Love, Polyamory, and a New Single :: A 'Quayside' Chat with Tom Goss

by Kilian Melloy

EDGE Staff Reporter

Friday July 12, 2019

Gay singer-songwriter Tom Goss is gearing up for the October release of his next album, "Territories," with a new single that drops today, July 12.

"On the Quayside" is pure Goss, featuring soulful lyrics and some of the most tender, emotionally charged vocals he's ever delivered. But it's not the standard love song; though the lyrics only hint at it, "Quayside" — and the forthcoming album as a whole — was inspired by a journey Goss has taken, both within himself and to different travel destinations, over the course of the past few years. With the release of "Quayside," Goss is officially coming out as being in a polyamorous relationship.

Polyamory has nibbled around the edges of both straight and LGBTQ culture for a couple of decades now, with straight (often female) writers boldly proclaiming themselves to be more fulfilled and happier in relationships that are anchored in commitment to a spouse or significant other, but that also make room for other important and intimate relationships. For Goss, that means remaining fully invested in his marriage and fully supportive to his husband while he also explores his deep connection with another man.

As Goss put it in a press release for the new single, " 'Quayside' explores an entirely new set of boundaries that I encountered when visiting my lover at his home on a quayside in London for the first time. I was concerned about being respectful to him, and his public (or daily life with his husband) while still being respectful to my own husband, and the love we've fostered for so many years."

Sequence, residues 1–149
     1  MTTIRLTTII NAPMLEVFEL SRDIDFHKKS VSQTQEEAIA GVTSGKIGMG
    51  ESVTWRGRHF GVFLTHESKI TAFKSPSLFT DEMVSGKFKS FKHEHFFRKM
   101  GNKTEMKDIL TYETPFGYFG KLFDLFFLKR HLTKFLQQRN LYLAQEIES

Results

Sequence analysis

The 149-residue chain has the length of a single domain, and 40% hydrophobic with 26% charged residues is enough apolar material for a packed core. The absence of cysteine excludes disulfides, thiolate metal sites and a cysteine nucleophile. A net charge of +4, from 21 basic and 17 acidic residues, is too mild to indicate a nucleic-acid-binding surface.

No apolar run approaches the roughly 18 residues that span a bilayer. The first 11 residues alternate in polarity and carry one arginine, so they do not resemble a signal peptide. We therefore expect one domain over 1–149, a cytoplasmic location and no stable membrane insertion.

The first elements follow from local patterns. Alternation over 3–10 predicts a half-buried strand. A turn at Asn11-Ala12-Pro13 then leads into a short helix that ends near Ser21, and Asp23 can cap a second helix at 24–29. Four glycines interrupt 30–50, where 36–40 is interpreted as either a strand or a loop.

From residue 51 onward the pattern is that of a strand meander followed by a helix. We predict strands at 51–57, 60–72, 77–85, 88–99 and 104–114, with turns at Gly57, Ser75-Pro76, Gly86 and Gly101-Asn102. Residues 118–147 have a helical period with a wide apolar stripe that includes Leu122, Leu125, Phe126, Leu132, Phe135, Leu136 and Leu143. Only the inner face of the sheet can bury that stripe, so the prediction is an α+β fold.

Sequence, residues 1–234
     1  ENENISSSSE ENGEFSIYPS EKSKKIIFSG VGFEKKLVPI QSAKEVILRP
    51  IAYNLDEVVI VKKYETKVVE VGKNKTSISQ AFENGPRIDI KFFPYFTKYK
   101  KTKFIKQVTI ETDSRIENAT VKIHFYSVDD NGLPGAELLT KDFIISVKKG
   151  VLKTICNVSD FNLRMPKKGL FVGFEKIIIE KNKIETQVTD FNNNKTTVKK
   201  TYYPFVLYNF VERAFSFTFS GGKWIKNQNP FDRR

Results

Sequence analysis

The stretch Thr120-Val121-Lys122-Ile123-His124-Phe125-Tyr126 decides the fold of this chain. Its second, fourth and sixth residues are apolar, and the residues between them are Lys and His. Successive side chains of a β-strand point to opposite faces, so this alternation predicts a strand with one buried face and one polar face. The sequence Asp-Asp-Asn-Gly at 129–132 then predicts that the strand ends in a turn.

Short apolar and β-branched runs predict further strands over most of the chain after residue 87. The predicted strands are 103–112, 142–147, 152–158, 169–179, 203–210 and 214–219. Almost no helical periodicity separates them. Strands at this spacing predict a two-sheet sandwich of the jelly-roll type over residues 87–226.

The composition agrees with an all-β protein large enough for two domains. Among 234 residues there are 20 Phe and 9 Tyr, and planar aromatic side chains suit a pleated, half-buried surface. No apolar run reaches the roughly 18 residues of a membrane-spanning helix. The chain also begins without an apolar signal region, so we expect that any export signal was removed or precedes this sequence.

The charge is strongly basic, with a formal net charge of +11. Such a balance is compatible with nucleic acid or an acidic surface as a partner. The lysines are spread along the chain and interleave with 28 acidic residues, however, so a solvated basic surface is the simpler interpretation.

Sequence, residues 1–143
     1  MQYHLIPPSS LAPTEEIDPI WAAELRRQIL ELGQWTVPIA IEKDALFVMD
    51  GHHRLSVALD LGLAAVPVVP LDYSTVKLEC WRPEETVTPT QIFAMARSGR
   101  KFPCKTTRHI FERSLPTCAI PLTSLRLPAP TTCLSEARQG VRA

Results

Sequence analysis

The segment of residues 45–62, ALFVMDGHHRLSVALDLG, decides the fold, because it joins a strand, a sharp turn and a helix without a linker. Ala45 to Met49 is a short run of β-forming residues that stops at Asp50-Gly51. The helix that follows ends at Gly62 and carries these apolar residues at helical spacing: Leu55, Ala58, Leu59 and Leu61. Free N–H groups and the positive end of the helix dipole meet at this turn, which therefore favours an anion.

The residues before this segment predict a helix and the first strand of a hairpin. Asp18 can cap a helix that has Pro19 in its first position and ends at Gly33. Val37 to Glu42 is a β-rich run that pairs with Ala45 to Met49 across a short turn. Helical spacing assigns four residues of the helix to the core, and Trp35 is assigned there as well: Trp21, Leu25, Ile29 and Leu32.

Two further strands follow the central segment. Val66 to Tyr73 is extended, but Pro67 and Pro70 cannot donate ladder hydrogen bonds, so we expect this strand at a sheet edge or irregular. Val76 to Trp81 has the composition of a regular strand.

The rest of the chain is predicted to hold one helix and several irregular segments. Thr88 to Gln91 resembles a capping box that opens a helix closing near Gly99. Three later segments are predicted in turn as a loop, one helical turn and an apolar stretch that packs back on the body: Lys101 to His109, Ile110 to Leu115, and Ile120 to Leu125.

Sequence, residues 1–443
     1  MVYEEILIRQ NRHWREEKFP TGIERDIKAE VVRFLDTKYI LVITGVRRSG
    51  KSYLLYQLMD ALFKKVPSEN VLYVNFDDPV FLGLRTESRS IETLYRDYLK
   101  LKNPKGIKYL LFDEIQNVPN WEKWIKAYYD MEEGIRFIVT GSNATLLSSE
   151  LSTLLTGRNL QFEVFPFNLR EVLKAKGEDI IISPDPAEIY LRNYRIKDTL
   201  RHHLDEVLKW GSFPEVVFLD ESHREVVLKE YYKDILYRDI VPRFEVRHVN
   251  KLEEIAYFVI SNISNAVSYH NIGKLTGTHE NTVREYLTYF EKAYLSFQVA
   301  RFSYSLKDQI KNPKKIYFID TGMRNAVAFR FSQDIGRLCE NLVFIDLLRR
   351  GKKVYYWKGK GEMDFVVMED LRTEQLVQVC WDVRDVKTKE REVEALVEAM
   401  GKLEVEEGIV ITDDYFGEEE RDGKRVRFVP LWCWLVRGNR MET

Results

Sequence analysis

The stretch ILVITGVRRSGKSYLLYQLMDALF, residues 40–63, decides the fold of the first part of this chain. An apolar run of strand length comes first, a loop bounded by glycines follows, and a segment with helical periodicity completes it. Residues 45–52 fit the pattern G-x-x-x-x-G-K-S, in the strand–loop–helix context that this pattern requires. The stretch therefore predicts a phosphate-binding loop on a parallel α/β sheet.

Intrigued, EDGE reached out to Goss for a chat in which the singer — as honest, direct, and genuine as ever — talked about the challenges, joys, and creatively inspiring energy around being happily married... and happily poly.

EDGE: With your new single - and the forthcoming album "Territories" in general - you're kind of coming out of the closet again as poly. That seems super brave, and it must be a little scary! Was that a difficult choice to make?

Tom Goss: I mean... first of all, yes, this is very difficult. Second of all, I'm not sure that I'm coming out as poly as much as I'm just saying, 'This is what's going on in my life right now." I think that's an interesting question, and maybe something I haven't thought enough about; I don't believe that my only way of existing in relationship is in polyamory, but I will say that I'm in love with my husband, and I'm in love with somebody else at this moment in my life.

EDGE: By the same token, it sounds like you're also saying that you're discovering that you don't necessarily need to exist in non-polyamory.

Tom Goss: The past three years it's been a really hard, but interesting and challenging evolution in my relationship. I think I've always really... you know, my parents had and still have, a very bad relationship. I was never really given positive examples of what marriage is, and what love is in terms of romantic love. I was always very proud and strident about my love with my husband. I've written countless songs about it, and countless records about it, and it has always been the most important thing to me — the thing that is beautiful and special, and that I never believed was possible, to be honest. The idea of risking that, or changing that, or challenging that was always very frightening to me, so when it got to the point that the relationship was opening up, that was very much not my desire, and not my dream — and not the way that I saw my world unfolding.

Still, I wanted to be the person my husband needed from me at the time. I wanted to be a good partner for his journey. So I went about supporting him on his journey and, as a result, sending myself on a different journey. And that journey led me to where I am now. I'm not really the kind of person that engages in physical relationships without an emotional connection, so I guess in retrospect it seems obvious this is where it would lead.

EDGE: You've experienced what you refer to (or your press notes do, anyway) as "#MeToo episodes" when you were in the seminary. Those experiences must have been very painful. Has your experience with polyamory been a way to address and recover from those experiences?